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MSI K9A Platinum ATI CrossFire XPress 3200 for AM2
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Date: Aug 04, 2006
Section:Motherboards
Author: Alex Evans
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Overview

ATI's chipset division, talented as they are, seem to have always played second fiddle to rival nVidia. Both nVidia and ATI started originally producing chipsets in 2001/2002 for low-end markets, using their experience in producing graphics processors as leverage to produce chipsets with integrated graphics abilities. Over time, both nVidia and ATI have become more experienced producing chipsets, eventually dropping the integrated graphics elements from their high-end products and targeting the enthusiast / gamer markets, who purchase more expensive add-in graphics cards. While ATI has produced some excellent chipset products over these past few years, nVidia has continued to dominate this market with a potent combination of getting products out first, more solid overall performance, and simple name-brand recognition.

ATI's largest issue is that they've always trailed nVidia in terms of time-to-market, which lets nVidia build up a solid install base before ATI's products have a chance to even hit the streets. For example, nVidia's multi-GPU enabled nForce4 SLI chipset was on the market for roughly a year before ATI's competing Radeon Xpress 200 multi-GPU enabled chipset hit the market. ATI has, however, been able to get their second generation multi-GPU chipset, the Radeon XPress 3200 chipset, out much faster, thereby allowing it to compete against nVidia's rival nForce4 SLI X16 chipset. The Radeon XPress 3200 was able to provide excellent performance and brought good overclockability to the table, in addition to consuming far less power in comparison to nVidia's solutions. The XPress 3200 was our first realization that ATI could, perhaps, one day compete head to head with nVidia in all aspects of performance. Despite its potential, the XPress 3200 never gained much market traction, due to lackluster motherboard manufacturer support and availability/performance issues in regards to their choice of Southbridge controllers.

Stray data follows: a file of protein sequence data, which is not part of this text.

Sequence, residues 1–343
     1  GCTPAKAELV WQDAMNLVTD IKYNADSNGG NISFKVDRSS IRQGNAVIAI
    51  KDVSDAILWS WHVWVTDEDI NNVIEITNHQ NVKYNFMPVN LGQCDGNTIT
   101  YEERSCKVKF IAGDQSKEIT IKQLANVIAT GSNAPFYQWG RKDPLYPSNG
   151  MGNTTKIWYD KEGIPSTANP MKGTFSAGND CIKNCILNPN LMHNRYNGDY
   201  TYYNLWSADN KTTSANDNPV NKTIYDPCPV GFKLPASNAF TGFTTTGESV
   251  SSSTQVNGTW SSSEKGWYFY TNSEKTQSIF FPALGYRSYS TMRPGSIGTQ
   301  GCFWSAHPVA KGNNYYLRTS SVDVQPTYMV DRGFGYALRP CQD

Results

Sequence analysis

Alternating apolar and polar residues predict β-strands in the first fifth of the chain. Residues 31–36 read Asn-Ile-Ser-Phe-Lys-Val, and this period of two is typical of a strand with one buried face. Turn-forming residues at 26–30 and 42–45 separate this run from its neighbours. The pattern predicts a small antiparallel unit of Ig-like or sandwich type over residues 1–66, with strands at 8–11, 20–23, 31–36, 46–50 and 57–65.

Now that AMD has moved over to their new Socket-AM2 interface utilizing DDR2 memory modules, chipset makers have produced slightly modified and redesigned versions of their chipset for this new socket. Since AMD keeps their memory controller on the processor and not on the chipset level like Intel platforms, a full chipset-level redesign is not needed when AMD changes their processor design. However, it's clear that some changes need to be made, and it's also a great segue way in order to introduce a new generation of products with updated features. Once again, nVidia was out of the gate first with their new nForce5-series chipsets, whereas ATI's products have yet to fully materialize on the market. It looks as if things are finalizing on this front though and boards should be hitting shelves fairly soon.

We've been able to get our hands on one of the first Socket-AM2 platforms to use an ATI chipset, MSI's K9A Platinum. This board utilizes the ATI Radeon Xpress 3200 Crossfire chipset for Socket-AM2, and also is one of the first platforms on the market to use ATI's new SB600 Southbridge, the long-awaited replacement for their aging SB450 which was featured on several Socket-939 Crossfire motherboards. Let's take a look at what ATI and MSI were able to cook up for AMD's new shiny (and now fairly inexpensive) Socket-AM2 processors.

 

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Specifications

Manufacturer Specifications

Before we get started, let's take a look at a poorly worded tidbit about this motherboard, direct from MSI...